|Publication number||US5699048 A|
|Application number||US 08/724,850|
|Publication date||Dec 16, 1997|
|Filing date||Oct 3, 1996|
|Priority date||Oct 3, 1996|
|Also published as||WO1998014923A1|
|Publication number||08724850, 724850, US 5699048 A, US 5699048A, US-A-5699048, US5699048 A, US5699048A|
|Inventors||George G. Galloway|
|Original Assignee||Industrial Technology Inc.|
|Export Citation||BiBTeX, EndNote, RefMan|
|Patent Citations (20), Referenced by (34), Classifications (19), Legal Events (7)|
|External Links: USPTO, USPTO Assignment, Espacenet|
The present invention relates to passive electrical markers that are placed underground for the purpose of locating buried structures.
Buried structures include pipelines, cables, etc. Once a structure is buried in the ground, it becomes difficult to locate. Location is useful, for example, to dig up the structure for repair or to avoid the structure when performing nearby excavation.
Passive electrical markers are used to locate buried structures. The markers are located adjacent to a structure and then buried with structure.
Each marker contains a single tuned LC circuit. The LC circuit typically includes a coil of wire. In order to locate a buried marker, an operator moves across the surface of the ground with a transmitter and a receiver. The transmitter sends out an electromagnetic signal tuned to the frequency to the marker. Upon receiving the transmitted signal, the marker resonates and thus produces an electromagnetic response. This response is received by the above ground receiver and converted to a signal that is detectable by the operator (for example, an audio tone). The operator marks the pinpointed location on the ground using paint and then moves on to find the next marker buried along the structure.
A disadvantage to prior art markers is their need to be oriented correctly with respect to the surface of the ground. The tuned circuit in a marker produces a response in the shape of a dipole pattern, as shown in FIG. 1. In FIG. 1, the coil of the tuned circuit 11 is shown oriented in the YZ plane. If the ground surface 13 is located above the XZ plane, along the Y axis, then the response produced by the tuned circuit 11 is projected underneath and parallel to the ground surface. The directional pattern 15 of the response is shown as two lobes that extend along each direction of the X axis. The tuned circuit 11, and thus the marker, is essentially undetectable by the transmitter/receiver on the surface 13 of the ground.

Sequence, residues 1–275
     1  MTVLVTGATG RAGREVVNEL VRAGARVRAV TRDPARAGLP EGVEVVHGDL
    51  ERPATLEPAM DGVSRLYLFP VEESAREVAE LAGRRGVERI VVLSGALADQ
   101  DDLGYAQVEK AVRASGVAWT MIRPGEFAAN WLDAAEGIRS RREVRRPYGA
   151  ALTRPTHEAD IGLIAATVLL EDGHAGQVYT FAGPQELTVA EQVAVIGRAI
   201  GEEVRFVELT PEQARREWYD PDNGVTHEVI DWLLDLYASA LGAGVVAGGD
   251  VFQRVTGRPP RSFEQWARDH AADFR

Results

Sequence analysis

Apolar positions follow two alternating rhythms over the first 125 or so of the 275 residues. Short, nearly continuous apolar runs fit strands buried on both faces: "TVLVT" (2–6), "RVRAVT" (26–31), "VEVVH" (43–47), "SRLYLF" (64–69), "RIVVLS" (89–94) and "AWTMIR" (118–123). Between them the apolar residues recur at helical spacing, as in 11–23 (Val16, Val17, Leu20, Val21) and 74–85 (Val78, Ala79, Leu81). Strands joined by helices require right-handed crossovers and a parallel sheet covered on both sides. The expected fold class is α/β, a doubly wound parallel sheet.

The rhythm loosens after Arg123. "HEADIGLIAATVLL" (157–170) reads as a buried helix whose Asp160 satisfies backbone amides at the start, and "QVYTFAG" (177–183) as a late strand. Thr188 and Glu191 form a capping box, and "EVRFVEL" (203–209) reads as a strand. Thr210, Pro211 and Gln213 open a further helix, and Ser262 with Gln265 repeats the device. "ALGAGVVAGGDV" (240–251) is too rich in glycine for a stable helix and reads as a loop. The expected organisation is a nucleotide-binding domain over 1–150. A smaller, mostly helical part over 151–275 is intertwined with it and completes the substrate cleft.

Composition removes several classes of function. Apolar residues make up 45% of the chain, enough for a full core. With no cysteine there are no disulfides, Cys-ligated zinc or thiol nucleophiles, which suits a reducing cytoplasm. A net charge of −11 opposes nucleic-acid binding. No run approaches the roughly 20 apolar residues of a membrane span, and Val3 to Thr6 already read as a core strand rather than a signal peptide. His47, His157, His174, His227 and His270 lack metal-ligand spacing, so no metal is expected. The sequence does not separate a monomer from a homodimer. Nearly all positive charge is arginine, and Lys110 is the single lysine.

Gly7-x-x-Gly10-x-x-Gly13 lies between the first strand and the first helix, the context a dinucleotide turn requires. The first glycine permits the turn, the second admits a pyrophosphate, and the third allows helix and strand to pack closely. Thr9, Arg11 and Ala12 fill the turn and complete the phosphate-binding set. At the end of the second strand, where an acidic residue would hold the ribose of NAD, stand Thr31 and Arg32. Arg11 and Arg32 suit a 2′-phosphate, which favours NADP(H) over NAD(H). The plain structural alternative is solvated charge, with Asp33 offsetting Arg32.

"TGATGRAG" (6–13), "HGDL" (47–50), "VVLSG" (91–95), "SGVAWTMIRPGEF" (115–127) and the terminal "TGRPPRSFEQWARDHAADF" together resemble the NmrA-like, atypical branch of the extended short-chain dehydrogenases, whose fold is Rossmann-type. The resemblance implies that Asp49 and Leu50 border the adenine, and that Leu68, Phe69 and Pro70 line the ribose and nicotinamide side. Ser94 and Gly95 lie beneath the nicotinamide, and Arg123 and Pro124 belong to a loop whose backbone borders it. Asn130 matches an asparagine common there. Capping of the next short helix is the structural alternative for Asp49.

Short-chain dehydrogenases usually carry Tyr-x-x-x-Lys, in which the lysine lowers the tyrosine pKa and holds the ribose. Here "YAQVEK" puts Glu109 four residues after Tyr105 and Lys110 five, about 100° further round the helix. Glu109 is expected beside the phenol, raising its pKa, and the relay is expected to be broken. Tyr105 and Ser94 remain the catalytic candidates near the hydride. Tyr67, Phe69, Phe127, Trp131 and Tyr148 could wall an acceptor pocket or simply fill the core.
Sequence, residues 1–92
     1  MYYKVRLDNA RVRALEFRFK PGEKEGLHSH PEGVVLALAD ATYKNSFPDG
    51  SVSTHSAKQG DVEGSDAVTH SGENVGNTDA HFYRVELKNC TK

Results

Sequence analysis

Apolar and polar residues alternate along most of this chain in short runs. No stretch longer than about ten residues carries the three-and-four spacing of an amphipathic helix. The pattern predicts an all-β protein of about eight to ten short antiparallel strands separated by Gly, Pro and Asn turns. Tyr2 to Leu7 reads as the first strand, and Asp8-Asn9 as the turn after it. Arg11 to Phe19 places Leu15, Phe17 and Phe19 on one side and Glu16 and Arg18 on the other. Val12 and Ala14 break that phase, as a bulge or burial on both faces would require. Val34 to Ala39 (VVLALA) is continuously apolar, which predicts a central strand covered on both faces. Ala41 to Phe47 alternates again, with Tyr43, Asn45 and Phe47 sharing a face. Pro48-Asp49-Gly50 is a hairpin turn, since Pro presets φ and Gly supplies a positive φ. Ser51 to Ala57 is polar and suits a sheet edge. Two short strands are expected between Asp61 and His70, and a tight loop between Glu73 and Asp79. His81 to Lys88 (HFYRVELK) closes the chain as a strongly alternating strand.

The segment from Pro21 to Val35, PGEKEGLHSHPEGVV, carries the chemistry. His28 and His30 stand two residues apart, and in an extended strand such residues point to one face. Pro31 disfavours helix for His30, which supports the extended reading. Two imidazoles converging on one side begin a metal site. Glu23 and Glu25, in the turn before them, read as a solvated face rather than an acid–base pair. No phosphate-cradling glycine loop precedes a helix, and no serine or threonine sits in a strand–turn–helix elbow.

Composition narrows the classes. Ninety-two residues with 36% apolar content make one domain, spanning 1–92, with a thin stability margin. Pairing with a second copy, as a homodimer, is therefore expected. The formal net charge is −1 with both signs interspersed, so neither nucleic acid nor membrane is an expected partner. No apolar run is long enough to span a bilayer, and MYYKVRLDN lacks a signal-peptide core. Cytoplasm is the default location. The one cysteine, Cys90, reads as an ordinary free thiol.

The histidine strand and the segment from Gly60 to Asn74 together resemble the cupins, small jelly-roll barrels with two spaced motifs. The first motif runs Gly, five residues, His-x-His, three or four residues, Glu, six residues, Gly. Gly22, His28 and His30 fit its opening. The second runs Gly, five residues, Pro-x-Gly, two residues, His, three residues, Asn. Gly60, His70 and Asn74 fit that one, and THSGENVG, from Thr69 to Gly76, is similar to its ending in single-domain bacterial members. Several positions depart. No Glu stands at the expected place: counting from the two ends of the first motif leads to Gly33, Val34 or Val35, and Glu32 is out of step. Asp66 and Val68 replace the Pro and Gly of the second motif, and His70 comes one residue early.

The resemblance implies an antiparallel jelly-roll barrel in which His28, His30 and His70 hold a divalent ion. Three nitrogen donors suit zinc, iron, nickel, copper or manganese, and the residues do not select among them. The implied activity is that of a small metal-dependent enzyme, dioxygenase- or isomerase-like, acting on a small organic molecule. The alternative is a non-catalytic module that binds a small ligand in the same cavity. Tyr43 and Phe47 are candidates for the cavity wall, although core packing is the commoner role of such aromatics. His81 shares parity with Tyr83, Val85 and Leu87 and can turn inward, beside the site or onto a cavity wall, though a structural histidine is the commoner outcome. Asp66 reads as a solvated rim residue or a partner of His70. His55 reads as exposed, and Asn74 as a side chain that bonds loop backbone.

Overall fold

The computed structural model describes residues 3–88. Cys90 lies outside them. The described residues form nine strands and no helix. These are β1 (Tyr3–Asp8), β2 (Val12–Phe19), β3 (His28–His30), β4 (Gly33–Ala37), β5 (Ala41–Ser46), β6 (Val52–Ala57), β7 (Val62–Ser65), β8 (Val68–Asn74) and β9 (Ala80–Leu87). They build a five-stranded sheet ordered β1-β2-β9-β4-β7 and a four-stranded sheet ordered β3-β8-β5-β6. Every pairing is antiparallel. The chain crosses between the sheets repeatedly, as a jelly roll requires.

The preferred orientation for such markers is to lay the tuned circuit 11 horizontally, so as to be parallel to the ground surface. This causes the response pattern to be projected towards the ground surface, thereby allowing detection.
Unfortunately, there is no assurance that a construction crew will take the time and care necessary to properly orient the tuned circuit. Furthermore, even if the tuned circuit is initially oriented properly, it can easily be moved, as dirt is dumped on top to bury the structure.
Bolson, U.S. Pat. No. 4,712,094 solves the orientation problem mechanically. Bolson uses the surface of a liquid to maintain the tuned circuit in a horizontal orientation. The liquid and the tuned circuit are inside of a hollow sphere. The tuned circuit freely floats on the surface of the liquid. Because the liquid surface is always horizontal, the freely floating tuned circuit is also horizontal.
The Bolson approach is costly because it requires a container inside of a container and also requires a fluid. Furthermore, the detectable range of the marker is decreased. This is because the diameter of the coil of the tuned circuit must be smaller than the inside diameter of the hollow sphere in order allow the tuned circuit to freely float therein.
It is an object of the present invention to provide an electrical marker for use in locating buried structures, which marker need not be specifically oriented with respect to the surface of the ground.
It is a further object of the present invention to provide an electrical marker for use in locating buried structures, which marker utilizes electrical principles to produce a detectable response independently of the marker's orientation with respect to the surface of the ground.
The present invention provides a passive marker for use in locating buried structures. The passive marker comprises plural tuned circuits. Each of the tuned circuits comprises an inductance and a capacitance. Each of the inductors has an axis. The tuned circuits are oriented such that the axes are angled with respect to each other. The oriented tuned circuits are contained within a housing, wherein the tuned circuits are capable of producing a broad directional response.